We welcome applications for a funded 4-year PhD studentship to start in October 2022. This is an exciting opportunity for a motivated and ambitious student with a strong analytical background to conduct cutting-edge and high-impact interdisciplinary research on the health risks and impacts of wildfires.
Wildfires are increasing throughout the world and can affect human health through a number of routes. These include diseases caused by air pollution, injuries, disruption of healthcare and nutrition, and psychosocial impacts. The risk may also depend on individual and community socioeconomic status, quality of housing and local infrastructure.
The PhD research will apply methods from spatiotemporal statistics and machine learning to traditional (e.g., death registration and censuses) and emerging (e.g., remote sensing and street level imagery) data to understand the public health impacts of wildfires and their inequalities. Throughout this PhD, the student will develop expertise in analytical methods that will be applicable to studying the public health impacts of other environmental risks and extreme events, including those related to climate change.
The studentships will be based in the Global Environmental Health Research Group (www.globalenvhealth.org). The group is internationally renowned for its work on spatiotemporal analysis of multi-dimensional health and environmental data. The group is highly interdisciplinary and the students will interact regularly with peers that have diverse backgrounds and specialisations There are also regular interactions with other parts of Imperial (e.g., Mathematics, Physics and Engineering) and at other leading global universities.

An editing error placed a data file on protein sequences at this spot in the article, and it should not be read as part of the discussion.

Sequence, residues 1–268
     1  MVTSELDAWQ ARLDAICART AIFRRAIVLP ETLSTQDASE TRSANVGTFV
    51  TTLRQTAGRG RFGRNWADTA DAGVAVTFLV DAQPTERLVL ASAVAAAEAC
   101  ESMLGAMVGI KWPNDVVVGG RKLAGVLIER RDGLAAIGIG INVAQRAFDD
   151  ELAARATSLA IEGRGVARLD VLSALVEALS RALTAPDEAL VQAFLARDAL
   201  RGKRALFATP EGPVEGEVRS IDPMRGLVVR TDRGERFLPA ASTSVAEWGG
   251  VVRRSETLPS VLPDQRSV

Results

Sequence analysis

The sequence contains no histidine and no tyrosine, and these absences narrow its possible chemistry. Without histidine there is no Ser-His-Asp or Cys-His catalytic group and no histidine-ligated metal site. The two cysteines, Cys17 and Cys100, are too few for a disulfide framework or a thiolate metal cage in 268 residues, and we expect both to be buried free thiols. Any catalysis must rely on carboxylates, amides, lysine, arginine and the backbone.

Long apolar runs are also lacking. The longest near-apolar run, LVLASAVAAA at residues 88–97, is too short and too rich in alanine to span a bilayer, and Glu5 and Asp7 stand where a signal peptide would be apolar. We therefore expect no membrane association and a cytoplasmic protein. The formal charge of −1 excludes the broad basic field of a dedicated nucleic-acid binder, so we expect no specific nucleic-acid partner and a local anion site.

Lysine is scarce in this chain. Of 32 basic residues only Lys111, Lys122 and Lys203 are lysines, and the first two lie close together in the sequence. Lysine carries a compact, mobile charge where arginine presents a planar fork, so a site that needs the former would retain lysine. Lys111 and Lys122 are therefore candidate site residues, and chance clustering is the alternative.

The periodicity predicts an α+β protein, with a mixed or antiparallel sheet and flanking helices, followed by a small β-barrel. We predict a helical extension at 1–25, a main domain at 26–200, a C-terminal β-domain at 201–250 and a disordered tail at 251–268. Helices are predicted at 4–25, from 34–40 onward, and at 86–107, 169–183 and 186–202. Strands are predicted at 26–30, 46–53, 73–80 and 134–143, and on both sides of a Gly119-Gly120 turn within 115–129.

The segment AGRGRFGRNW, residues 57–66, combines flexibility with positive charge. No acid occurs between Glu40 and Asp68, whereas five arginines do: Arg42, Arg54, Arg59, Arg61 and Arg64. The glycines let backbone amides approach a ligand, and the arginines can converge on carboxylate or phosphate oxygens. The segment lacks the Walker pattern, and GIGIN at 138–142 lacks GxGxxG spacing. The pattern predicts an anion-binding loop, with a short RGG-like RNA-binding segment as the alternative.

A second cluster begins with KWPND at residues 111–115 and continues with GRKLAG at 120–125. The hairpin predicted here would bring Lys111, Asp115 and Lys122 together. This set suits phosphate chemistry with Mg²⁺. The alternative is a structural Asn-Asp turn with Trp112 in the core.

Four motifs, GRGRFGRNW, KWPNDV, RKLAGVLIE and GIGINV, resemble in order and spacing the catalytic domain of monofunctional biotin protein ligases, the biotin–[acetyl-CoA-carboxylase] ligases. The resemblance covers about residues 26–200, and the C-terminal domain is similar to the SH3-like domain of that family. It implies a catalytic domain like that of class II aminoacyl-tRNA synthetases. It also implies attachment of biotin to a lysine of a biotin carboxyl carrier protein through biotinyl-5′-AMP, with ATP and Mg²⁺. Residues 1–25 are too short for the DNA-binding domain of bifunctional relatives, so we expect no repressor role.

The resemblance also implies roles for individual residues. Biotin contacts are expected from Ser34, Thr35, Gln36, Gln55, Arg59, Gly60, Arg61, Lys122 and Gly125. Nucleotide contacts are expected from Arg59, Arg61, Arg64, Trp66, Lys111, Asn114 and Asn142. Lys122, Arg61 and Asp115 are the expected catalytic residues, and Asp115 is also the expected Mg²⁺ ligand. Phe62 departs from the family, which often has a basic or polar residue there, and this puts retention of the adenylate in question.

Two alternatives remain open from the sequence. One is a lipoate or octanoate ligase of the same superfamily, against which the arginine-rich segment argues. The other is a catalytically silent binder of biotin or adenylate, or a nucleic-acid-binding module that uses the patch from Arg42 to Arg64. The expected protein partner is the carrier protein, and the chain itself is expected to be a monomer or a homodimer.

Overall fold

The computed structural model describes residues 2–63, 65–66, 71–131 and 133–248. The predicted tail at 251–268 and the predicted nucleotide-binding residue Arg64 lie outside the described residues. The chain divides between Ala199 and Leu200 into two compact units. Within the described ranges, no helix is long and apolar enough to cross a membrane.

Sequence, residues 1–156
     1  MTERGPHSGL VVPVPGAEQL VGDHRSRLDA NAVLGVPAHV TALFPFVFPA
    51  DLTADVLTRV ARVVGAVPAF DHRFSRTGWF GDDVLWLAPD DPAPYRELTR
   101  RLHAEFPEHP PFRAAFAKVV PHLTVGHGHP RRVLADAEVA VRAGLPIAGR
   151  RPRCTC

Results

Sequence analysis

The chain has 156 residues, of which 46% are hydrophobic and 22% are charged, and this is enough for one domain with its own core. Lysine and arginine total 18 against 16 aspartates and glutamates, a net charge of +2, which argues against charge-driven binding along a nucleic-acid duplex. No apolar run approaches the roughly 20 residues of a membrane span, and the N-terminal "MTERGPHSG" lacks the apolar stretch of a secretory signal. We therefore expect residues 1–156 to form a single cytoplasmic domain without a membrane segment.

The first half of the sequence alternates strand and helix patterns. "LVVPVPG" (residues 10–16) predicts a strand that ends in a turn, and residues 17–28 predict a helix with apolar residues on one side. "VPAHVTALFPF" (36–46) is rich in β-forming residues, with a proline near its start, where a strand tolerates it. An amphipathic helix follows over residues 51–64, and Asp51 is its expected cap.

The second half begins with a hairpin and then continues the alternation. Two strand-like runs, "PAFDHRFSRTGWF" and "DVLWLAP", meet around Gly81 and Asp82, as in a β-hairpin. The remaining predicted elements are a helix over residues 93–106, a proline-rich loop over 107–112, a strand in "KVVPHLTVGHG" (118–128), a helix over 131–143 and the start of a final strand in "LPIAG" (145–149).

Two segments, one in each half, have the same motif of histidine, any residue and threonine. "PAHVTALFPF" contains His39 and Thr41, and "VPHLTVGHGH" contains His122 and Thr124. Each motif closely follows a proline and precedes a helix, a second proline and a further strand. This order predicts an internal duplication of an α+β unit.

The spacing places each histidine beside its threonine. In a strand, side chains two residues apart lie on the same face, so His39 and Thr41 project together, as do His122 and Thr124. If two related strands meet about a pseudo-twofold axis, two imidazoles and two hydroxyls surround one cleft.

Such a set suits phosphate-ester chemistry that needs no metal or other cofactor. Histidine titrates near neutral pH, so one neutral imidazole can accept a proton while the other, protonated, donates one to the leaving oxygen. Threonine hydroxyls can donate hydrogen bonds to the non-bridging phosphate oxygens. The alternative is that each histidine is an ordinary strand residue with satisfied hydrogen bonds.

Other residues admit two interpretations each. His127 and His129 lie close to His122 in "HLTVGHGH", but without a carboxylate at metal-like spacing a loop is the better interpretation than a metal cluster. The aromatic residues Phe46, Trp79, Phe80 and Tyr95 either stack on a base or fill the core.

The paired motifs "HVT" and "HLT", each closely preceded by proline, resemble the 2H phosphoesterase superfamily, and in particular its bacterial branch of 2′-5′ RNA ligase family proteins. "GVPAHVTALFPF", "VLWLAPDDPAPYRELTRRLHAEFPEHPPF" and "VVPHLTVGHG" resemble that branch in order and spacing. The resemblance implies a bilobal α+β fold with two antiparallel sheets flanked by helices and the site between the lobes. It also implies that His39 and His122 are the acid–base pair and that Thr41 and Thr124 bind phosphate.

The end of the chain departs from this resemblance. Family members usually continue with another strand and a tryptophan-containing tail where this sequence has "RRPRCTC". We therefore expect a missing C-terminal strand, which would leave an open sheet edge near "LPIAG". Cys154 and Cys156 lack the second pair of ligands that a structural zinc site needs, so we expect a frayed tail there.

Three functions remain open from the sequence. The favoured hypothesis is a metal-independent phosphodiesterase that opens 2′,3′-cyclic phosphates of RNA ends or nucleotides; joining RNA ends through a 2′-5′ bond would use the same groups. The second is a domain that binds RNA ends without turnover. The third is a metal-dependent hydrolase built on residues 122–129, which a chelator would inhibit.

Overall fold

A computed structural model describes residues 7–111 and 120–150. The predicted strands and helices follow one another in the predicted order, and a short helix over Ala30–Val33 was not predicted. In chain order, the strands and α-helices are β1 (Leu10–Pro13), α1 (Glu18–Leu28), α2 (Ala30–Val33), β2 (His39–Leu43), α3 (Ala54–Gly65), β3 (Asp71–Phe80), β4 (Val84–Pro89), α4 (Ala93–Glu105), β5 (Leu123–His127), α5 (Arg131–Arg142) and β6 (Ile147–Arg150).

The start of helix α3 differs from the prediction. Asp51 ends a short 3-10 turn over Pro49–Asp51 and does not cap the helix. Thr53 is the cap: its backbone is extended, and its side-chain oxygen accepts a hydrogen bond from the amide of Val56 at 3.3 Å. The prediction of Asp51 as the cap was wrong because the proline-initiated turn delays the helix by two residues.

The student will also join a vibrant interdisciplinary research community in the Leverhulme Centre for Wildfires, Environment and Society, which includes staff and PhD students and staff from Imperial College London, King’s College London, the University of Reading and Royal Holloway, University of London, with a common vision of producing evidence-based understanding of the human-fire nexus that can help inform policy and practice.
Applicants should have, or expect to receive, a first or upper second class degree or equivalent in physics, mathematics, engineering, population studies, mathematical ecology or related discipline, and have exceptional quantitative preparation.
The studentship is funded by the Leverhulme Centre for Wildfires, Environment and Society. The student will be funded at the UKRI London rate, £17,609 stipend per annum (including London allowance) paid for four years. The studentship will start in October 2022. It will cover UK fees for three years, and writing-up fees for the final year. There will be support funding for fieldwork and conference attendance.
The closing date for application is 15th Feb 2022 (23:59 GMT). Please download the application form and send it together with your CV to email@example.com.
Interviews for shortlisted candidates will take place in March.